To make Totoro’s ears/ horns, I modeled the ears using 3 modelling and printing. Due to the scale of the piece, I had to try to cut the horn into 3 pieces. I had a great deal of difficulty in splitting the shape in that I am still not familiar with breaking a model up in Creo Parametric 3.0. I was able to make the bottom two pieces quite easily, but making the top pointed part fit proved to be very difficult to make the right size. I ended up achieving a satisfactory result after lots of failed attempts. I definitely need to learn an alternative approach to making a 3D model that breaks up into interlocking pieces.
To cover the ear with fur, I put the ear into a freezer bag, and covered the bag with small pieces of tape. I then used a small pair of embroidery scissors to cut the tape and plastic off and cut lots of small darts to create a flat shape. The flat shape then became the pattern for cutting the fur. I did add a 3mm seam allowance while cutting the fur so I could hand sew the fur together and turn it over the 3D printed form. The ears/ horns were then sewn around the base onto the fur.
Fur covered, 3D printed ear forms with pattern.
I used more butcher’s paper to create the shapes of the eyes, nose and mouth so that I could experiment with sizes and placement.
Planning the facial features of Totoro
To make the nose, I used the butcher’s paper template as a guide to the overall size of the nose and built plasticine up on it. I then used four layers of my own hand made paper to cover the nose form.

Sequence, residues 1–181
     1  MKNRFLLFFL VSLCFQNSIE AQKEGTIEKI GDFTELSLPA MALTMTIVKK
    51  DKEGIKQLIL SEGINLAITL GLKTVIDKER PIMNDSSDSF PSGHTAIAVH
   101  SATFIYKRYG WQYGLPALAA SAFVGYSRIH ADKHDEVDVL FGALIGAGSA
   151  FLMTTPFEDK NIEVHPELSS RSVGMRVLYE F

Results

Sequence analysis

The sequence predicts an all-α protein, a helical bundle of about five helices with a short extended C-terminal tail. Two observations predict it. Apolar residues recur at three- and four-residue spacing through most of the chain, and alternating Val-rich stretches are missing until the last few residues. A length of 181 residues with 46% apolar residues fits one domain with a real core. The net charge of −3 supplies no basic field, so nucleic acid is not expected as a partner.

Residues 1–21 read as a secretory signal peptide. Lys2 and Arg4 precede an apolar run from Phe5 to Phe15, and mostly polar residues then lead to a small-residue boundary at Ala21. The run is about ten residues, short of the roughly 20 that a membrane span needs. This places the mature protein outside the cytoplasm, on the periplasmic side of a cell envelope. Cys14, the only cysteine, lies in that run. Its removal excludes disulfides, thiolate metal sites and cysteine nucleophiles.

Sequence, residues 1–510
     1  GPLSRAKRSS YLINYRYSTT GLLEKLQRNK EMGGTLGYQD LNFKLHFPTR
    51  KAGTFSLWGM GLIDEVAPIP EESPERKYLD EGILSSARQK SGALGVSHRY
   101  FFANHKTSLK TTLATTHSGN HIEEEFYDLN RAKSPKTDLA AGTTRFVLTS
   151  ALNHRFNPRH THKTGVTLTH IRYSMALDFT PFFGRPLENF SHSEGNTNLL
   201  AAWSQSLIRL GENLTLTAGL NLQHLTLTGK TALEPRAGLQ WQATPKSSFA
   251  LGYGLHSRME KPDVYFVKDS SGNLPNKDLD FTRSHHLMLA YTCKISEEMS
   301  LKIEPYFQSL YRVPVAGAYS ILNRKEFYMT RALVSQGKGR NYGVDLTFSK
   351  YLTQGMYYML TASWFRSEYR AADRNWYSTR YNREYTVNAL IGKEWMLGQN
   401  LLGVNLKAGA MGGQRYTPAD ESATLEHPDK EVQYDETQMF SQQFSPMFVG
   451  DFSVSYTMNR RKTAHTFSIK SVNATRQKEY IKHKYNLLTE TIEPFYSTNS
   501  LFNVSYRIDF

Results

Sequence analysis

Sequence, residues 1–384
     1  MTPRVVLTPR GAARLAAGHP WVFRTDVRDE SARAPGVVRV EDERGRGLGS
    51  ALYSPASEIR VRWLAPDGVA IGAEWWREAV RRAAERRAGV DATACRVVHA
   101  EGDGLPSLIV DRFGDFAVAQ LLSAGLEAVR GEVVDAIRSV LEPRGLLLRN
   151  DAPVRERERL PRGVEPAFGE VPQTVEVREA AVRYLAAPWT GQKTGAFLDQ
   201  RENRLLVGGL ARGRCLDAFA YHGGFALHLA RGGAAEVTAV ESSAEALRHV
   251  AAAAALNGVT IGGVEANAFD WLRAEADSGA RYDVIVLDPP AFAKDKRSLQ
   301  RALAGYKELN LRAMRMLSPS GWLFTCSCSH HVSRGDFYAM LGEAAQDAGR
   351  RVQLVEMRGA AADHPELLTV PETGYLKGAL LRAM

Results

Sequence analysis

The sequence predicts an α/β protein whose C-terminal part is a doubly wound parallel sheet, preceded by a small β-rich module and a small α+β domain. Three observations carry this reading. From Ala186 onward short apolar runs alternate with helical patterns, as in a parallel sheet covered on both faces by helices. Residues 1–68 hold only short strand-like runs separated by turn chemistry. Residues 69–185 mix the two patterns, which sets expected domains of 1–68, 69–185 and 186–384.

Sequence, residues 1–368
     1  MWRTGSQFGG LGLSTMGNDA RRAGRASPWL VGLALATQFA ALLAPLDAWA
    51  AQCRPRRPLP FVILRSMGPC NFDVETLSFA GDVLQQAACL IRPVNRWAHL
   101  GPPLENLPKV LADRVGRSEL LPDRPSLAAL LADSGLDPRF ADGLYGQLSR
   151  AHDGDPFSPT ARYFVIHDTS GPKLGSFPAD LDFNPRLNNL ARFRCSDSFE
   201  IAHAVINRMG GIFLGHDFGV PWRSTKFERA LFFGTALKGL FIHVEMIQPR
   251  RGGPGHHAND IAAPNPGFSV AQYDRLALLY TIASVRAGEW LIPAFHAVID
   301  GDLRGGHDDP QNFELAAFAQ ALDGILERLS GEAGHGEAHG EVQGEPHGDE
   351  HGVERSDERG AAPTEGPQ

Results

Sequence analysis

Sculpting the nose form from Plasticine.
I created the eye forms by modeling them on the computer and printing them out using the 3D printer. I then used black acrylic paint to create the pupils.
3D printed eyes ready for painting with the painted papier mache nose
Inside of the papier mache nose with the 3D printed eyes.
The mouth of Totoro is how I see out of the puppet. I originally used three layers of curtain netting, but it was too hard to see out of, so I removed one layer.
Totoro’s teeth were drawn onto the mesh using a black Sharpie.
Mouth opening covered with white mesh curtain fabric.
To make Totoro’s whiskers, I used long, black zip ties. To attach them to the face, I cut a small slit into the fur using embroidery scissors. Then, I inserted the square end of the zip tie and glued it in place using hot glue.
Now that the body is starting to come together, my next challenge was to make the feet. I have never made mascot sized feet before, so I went looking for tutorials to help me.
I found a pair of shoes at Kmart for $3, a floor mat from Clark Rubber to make the soles of the feet, and I ended up recycling bits of block foam I had in storage, leftover from previous puppet carving projects.
Using blocks of foam and carving techniques to make Totoro’s feet.
I wore the in-progress feet at school while walking around the school library so I could test how well the glue was holding as well as how it felt to walk in oversized shoes. During the test, the school’s Community Liaison Officer filmed my test for the school’s Facebook page!
Once the feet were finished, I had time to make the tummy of Totoro. I turned the fur covering of the body inside out, drew a circle shape for the tummy, cut it out and used the circle I had cut as the template for cutting the cream tummy fur.
Cutting out the tummy fur of Totoro
What is our talented Teacher Librarian Miss K. Hannaford going to wear on Celebration Day?? Today we had a little test of how the "feet/shoes" are progressing…..